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Open Access Research article

Perception and practice of Kangaroo Mother Care after discharge from hospital in Kumasi, Ghana: A longitudinal study

Samuel B Nguah1*, Priscilla NL Wobil1, Regina Obeng1, Ayi Yakubu2, Kate J Kerber3, Joy E Lawn3 and Gyikua Plange-Rhule4

Author affiliations

1 Department of Child Health, Komfo Anokye Teaching Hospital, P. O. Box 1934, Kumasi, Ghana

2 Suntreso Government Hospital, Private mail bag, Kumasi, Ghana

3 Saving Newborn Lives/Save the Children USA, 11 South Way, Cape Town 7405, South Africa

4 Department of Child Health, School of Medical Sciences, Kwame Nkrumah University of Science and Technology, Kumasi, Ghana

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Citation and License

BMC Pregnancy and Childbirth 2011, 11:99  doi:10.1186/1471-2393-11-99

Published: 1 December 2011

Abstract

Background

The practice of Kangaroo Mother Care (KMC) is life saving in babies weighing less than 2000 g. Little is known about mothers' continued unsupervised practice after discharge from hospitals. This study aimed to evaluate its in-hospital and continued practice in the community among mothers of low birth weight (LBW) infants discharged from two hospitals in Kumasi, Ghana.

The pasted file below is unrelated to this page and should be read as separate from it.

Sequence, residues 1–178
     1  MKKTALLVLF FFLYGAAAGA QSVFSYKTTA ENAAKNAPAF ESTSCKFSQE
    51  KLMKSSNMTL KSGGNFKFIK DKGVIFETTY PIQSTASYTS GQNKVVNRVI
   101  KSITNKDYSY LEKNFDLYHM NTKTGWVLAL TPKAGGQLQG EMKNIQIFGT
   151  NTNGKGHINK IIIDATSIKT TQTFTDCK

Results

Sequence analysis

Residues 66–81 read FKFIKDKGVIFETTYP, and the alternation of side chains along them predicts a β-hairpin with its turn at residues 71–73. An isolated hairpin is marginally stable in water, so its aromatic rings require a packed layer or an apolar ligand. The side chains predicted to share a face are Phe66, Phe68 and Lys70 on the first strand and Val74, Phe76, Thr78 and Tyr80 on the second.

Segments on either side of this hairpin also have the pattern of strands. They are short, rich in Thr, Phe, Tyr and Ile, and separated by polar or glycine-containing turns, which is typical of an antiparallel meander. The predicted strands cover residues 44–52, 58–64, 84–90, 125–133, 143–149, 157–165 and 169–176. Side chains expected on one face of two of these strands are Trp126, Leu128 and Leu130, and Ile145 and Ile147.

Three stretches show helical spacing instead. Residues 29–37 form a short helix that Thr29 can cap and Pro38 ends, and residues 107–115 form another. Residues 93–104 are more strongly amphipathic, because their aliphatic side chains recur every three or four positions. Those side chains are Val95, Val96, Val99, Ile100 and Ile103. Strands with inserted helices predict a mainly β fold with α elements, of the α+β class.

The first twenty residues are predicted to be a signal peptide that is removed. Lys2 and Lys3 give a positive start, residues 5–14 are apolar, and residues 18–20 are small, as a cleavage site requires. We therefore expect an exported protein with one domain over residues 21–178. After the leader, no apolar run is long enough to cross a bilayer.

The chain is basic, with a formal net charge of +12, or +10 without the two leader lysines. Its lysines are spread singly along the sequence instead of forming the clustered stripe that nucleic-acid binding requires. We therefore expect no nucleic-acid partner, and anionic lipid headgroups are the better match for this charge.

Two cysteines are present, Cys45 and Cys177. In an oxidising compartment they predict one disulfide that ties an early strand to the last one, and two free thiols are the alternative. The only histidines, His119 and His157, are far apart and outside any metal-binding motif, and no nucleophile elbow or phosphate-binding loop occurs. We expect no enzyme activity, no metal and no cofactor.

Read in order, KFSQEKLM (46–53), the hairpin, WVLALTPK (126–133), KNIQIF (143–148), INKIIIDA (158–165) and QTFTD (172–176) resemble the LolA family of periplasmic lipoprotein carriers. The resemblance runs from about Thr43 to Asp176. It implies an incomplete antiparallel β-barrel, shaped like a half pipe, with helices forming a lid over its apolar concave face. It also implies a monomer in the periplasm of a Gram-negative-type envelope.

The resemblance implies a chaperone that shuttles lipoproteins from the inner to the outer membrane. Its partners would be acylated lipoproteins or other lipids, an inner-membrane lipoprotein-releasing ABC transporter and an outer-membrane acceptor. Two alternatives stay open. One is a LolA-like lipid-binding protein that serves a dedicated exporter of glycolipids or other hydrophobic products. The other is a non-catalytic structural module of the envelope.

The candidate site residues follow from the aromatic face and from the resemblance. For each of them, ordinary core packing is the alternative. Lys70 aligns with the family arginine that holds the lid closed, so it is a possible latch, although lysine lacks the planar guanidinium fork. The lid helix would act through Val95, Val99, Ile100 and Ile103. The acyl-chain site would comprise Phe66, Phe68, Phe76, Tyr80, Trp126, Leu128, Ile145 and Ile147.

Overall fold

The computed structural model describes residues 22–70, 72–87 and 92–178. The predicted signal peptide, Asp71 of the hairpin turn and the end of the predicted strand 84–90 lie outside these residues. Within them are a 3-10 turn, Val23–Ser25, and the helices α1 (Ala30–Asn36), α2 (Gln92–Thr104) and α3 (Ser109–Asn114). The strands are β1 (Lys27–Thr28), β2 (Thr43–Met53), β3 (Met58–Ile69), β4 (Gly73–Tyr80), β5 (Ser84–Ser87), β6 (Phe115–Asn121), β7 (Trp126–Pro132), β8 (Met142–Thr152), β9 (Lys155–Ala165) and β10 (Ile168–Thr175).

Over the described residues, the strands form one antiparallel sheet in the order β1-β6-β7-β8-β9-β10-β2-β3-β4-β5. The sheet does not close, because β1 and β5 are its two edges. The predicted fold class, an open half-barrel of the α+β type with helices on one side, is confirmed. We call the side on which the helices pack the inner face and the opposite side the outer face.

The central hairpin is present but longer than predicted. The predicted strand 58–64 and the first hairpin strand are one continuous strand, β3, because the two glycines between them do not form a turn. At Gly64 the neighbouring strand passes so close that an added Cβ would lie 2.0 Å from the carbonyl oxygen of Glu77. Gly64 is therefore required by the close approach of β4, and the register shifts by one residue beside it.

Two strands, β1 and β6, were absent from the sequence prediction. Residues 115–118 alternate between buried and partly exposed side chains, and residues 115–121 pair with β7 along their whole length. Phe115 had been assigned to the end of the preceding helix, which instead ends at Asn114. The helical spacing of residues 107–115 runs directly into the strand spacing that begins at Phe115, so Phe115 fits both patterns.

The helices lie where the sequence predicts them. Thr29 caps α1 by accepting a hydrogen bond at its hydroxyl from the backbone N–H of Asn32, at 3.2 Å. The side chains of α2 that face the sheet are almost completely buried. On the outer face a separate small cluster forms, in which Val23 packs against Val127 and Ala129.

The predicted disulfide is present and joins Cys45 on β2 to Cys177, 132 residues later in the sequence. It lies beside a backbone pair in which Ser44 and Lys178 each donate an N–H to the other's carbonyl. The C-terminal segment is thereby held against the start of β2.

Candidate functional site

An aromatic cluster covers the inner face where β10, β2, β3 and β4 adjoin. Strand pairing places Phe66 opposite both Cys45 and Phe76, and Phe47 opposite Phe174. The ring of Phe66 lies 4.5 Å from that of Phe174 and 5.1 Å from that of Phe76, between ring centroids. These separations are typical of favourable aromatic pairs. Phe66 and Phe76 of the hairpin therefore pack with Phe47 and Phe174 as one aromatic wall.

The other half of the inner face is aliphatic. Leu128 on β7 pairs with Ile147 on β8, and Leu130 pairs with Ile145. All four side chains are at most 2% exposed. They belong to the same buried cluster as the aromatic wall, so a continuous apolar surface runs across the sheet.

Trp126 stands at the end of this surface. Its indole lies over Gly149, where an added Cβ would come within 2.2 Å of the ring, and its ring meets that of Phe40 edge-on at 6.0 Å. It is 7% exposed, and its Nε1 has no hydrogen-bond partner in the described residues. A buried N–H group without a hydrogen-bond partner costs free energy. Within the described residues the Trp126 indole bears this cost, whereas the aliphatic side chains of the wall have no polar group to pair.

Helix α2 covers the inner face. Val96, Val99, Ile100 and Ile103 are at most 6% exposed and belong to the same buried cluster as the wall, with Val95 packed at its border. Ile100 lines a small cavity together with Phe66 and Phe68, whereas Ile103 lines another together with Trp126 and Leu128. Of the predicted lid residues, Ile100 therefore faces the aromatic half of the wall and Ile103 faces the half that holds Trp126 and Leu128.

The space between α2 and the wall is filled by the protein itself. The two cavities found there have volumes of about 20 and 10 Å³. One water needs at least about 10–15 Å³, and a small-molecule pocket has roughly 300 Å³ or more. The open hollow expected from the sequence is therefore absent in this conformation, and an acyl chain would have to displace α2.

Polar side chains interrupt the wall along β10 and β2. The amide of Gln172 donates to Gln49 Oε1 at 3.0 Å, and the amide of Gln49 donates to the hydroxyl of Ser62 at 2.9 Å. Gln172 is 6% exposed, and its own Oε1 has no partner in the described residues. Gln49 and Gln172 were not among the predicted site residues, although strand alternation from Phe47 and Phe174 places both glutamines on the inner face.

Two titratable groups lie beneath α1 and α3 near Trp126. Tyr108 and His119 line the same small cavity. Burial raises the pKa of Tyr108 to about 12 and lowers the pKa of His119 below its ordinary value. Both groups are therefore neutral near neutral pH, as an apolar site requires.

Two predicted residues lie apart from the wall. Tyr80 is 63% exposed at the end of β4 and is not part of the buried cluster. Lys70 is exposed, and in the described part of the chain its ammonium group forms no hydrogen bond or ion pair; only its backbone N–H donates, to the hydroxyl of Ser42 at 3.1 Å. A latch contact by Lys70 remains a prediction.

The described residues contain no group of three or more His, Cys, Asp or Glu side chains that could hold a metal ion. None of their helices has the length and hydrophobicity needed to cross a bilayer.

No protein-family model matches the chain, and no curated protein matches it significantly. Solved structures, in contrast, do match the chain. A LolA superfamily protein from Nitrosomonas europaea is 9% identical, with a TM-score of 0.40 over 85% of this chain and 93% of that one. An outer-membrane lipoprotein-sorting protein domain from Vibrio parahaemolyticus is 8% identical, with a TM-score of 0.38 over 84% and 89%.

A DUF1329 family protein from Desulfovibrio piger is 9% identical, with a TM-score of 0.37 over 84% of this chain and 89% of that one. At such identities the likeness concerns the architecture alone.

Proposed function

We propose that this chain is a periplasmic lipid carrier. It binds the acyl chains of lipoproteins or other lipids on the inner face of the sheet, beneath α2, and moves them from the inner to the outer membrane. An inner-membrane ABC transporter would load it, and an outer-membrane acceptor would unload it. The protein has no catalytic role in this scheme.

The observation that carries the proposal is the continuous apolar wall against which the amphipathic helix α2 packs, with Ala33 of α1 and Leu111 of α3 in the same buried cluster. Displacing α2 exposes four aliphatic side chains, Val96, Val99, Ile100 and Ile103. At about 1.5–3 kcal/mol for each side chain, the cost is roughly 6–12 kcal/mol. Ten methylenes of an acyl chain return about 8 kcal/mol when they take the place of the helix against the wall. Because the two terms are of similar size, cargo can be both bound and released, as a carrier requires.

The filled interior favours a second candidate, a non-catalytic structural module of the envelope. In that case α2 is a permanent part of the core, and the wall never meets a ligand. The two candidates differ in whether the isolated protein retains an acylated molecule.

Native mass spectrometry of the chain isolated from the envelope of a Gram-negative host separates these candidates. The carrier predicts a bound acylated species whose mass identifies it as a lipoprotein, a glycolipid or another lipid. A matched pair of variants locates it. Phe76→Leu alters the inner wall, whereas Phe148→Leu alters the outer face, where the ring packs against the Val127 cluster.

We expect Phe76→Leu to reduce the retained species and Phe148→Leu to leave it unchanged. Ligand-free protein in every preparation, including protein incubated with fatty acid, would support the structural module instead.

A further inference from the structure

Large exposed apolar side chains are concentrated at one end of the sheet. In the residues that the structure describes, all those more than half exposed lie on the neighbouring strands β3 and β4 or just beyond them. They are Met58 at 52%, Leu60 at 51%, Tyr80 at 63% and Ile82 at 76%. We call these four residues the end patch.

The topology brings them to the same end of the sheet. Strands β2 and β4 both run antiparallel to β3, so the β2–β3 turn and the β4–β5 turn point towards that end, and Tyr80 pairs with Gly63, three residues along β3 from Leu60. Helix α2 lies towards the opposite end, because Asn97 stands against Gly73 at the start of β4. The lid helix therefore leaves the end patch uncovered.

Methods

A longitudinal study of 202 mothers and their inpatient LBW neonates was conducted from November 2009 to May 2010. Mothers were interviewed at recruitment to ascertain their knowledge of KMC, and then oriented on its practice. After discharge, the mothers reported at weekly intervals for four follow up visits where data about their perceptions, attitudes and practices of KMC were recorded. A repeated measure logistic regression analysis was done to assess variability in the binary responses at the various reviews visits.

Results

At recruitment 23 (11.4%, 95%CI: 7.4 to 16.6%) mothers knew about KMC. At discharge 95.5% were willing to continue KMC at home with 93.1% willing to practice at night. 95.5% thought KMC was beneficial to them and 96.0% beneficial to their babies. 98.0% would recommend KMC to other mothers with 71.8% willing to practice KMC outdoors.

At first follow up visit 99.5% (181) were still practicing either intermittent or continuous KMC. This proportion did not change significantly over the four weeks (OR: 1.4, 95%CI: 0.6 to 3.3, p-value: 0.333). Over the four weeks, increasingly more mothers practiced KMC at night (OR: 1.7, 95%CI: 1.2 to 2.6, p = 0.005), outside their homes (OR: 2.4, 95%CI: 1.7 to 3.3, p < 0.001) and received spousal help (OR: 1.6, 95%CI: 1.1 to 2.4, p = 0.007). Household chores and potentially negative community perceptions of KMC did not affect its practice with odds of 0.8 (95%CI: 0.5 to 1.2, p = 0.282) and 1.0 (95%CI: 0.6 to 1.7, p = 0.934) respectively. During the follow-up period the neonates gained 23.7 sg (95%CI: 22.6 g to 24.7 g) per day.

Conclusion

Maternal knowledge of KMC was low at outset. Once initiated mothers continued practicing KMC in hospital and at home with their infants gaining optimal weight. Continued KMC practice was not affected by perceived community attitudes.